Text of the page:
What I’ve been reading lately: the new and the notable.

What I’ve been reading lately: the new and the notable.

Welcome to Quick Lit, where I share short and sweet reviews of what I’ve been reading lately, and invite you to do the same.

I’ve been trying to stay on top of spring’s new releases. Today I’m sharing 5 of my favorites.


by Rachel Held Evans

22574709I’ve been impatiently awaiting a new release from Held Evans, and this one doesn’t disappoint. The author’s adult experience with the church mirrors my own, and that’s not a coincidence: the book explicitly addresses the struggles millions of American millennials have with organized religion. The book is structured around the seven sacraments, so it’s no wonder that though categorized as a memoir, there’s a lot of theology here. (Readers of her blog and past books will have a good idea of what to expect.) Very fun to see my own church make a cameo appearance. Honest, moving, relatable. Release date: April 14.


by Lauren Winner

18669493People of faith are used to hearing metaphors for God—usually the same ones, over and over again. In her new book, Winner pushes aside these overfamiliar images to explore some of the more obscure biblical metaphors for God: clothing, laughter, fire, a laboring woman. More exposition than memoir, although my favorite parts were her insights from the class she taught at the local women’s prison. Intelligent and detailed, but not dry. Release date: March 31.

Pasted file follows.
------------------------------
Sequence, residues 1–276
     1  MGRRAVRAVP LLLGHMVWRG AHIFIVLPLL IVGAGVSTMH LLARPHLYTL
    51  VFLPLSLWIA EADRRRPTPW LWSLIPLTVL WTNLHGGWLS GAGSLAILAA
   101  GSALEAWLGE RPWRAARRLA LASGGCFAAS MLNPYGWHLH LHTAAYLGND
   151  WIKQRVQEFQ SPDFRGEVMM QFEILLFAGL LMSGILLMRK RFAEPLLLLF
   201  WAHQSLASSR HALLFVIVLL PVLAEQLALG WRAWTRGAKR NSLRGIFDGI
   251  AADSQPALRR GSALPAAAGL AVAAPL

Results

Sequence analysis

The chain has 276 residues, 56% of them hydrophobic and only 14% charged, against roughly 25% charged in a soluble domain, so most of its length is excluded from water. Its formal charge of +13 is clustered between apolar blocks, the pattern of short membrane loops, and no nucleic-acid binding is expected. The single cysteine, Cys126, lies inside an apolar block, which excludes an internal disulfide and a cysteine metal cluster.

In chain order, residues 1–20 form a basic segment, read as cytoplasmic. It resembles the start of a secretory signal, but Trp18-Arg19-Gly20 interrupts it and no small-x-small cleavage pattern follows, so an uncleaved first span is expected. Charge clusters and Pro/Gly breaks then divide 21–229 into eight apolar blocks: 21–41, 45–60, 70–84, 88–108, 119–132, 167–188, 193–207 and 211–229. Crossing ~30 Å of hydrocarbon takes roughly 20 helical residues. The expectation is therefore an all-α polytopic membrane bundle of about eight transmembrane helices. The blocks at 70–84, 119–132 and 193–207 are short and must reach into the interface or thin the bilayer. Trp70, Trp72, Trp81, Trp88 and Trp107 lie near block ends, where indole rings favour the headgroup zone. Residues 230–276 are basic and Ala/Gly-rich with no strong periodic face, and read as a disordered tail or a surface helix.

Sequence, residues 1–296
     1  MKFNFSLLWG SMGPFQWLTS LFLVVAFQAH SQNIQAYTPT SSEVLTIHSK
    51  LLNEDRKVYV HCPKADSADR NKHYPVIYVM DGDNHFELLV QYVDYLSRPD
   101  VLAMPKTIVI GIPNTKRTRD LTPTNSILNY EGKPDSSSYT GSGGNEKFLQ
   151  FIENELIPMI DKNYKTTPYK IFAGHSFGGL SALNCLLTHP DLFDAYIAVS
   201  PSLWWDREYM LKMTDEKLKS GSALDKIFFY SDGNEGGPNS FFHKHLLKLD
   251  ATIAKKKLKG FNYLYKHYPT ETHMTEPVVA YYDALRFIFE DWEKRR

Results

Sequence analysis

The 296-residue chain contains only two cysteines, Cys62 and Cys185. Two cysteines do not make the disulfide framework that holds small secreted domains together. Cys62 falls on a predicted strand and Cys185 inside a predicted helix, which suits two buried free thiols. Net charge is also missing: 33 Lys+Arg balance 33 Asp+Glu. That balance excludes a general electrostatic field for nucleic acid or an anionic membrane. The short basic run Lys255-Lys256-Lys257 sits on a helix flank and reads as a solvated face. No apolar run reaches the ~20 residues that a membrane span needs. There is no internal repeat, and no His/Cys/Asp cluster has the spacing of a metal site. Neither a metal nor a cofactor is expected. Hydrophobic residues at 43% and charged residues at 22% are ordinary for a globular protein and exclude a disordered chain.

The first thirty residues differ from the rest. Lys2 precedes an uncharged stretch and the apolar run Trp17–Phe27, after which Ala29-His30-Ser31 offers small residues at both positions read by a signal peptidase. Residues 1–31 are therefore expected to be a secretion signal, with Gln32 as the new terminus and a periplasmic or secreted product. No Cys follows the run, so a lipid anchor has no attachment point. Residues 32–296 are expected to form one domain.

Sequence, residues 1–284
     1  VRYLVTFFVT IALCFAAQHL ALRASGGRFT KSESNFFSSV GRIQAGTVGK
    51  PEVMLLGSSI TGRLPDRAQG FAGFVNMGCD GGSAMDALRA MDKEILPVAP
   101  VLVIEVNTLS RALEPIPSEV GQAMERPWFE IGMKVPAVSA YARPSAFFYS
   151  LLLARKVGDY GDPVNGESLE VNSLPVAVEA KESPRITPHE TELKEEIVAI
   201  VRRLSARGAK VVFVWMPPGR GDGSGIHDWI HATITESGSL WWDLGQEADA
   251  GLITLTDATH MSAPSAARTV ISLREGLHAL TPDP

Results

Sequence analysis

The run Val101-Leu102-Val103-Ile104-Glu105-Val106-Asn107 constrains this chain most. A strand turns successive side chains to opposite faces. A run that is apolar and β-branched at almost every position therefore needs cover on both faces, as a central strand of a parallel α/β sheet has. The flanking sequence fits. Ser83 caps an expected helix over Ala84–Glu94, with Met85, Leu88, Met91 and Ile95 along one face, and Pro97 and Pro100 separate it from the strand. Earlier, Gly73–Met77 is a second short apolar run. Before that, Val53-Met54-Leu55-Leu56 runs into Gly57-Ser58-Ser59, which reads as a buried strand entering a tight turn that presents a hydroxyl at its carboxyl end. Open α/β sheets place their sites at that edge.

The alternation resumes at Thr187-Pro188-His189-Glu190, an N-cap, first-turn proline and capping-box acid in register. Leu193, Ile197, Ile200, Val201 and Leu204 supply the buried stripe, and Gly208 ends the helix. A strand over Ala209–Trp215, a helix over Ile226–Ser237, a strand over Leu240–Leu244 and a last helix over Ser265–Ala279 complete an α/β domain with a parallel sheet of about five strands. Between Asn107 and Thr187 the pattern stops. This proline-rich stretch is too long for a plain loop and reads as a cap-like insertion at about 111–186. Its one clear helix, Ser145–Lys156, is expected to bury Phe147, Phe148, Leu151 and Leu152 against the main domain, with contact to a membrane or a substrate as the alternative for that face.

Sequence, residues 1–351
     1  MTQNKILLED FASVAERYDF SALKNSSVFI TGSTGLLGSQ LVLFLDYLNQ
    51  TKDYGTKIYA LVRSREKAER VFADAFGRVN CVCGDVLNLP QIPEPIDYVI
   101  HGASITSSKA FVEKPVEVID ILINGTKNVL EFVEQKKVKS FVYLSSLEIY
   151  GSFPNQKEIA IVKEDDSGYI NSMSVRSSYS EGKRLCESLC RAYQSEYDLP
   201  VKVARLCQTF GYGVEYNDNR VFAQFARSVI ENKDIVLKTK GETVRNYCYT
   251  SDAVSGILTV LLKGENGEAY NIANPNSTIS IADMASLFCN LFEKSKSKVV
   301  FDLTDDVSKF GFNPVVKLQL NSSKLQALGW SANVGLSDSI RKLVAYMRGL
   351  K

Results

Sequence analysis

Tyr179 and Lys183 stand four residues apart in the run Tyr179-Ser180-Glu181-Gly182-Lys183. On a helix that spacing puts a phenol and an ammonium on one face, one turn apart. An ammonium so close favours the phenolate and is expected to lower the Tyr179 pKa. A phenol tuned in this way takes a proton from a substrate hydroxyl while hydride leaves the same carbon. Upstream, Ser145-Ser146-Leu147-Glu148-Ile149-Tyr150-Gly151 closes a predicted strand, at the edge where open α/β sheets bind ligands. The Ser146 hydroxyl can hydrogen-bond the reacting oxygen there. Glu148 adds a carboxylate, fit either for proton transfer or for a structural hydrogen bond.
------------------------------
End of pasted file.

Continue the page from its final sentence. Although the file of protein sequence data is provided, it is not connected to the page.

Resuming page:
by Elizabeth Berg

23256785Berg’s brand-new novel is based on the incredible and iconoclastic life of French novelist Aurore Dupin, better known by her pen name: George Sand. Berg’s portrait of Dupin’s life, work, and motivations is fascinating, but like so many novels of this type—The Paris Wife, Loving Frank, The Aviator’s Wife—Sand’s voice never felt right to me. (If you like that type of novel, add this to your list.) This was my first Berg novel and I’d like to give her another try: what should I read next? Release date: April 14.



by Caroline Starr Rose

Starr Rose’s follow-up to sleeper hit May B. The year: 1587. The setting: Roanoke island. Two girls—one Native American, one just off the boat from London—form an unlikely friendship in the midst of dangerous relations between the settlers and the Roanoke tribe. YA historical fiction, written in verse, (which has “a book in a genre you don’t usually read” written all over it, at least for me). The verse makes for quick reading, so your kids will enjoy plowing through a 400 page book in record time. Release date: March 10.


by Lisa Genova

22716194I went on a tear and read all of Genova’s works in one short month this spring, enjoying her fictional but uncannily accurate portraits of those affected by various neurological conditions—Alzheimer’s disease, left neglect, autism. In her latest book, she tackles Huntington’s, a lethal neurodegenerative disease which has no treatment and no cure. Genova describes it in her forward as “the cruelest disease known to man.” I couldn’t get through this book, but not because it wasn’t good: it might have been too good. Genova’s tale of a Boston police officer’s progressive illness wrecked me. A gripping read, but not for the faint of heart. Release date: April 7.

What have you been reading lately?

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  1. Julie R says:

    Blue Birds sounds like something my daughter would like. Would you recommend it for an almost 10 year old who is an advanced reader?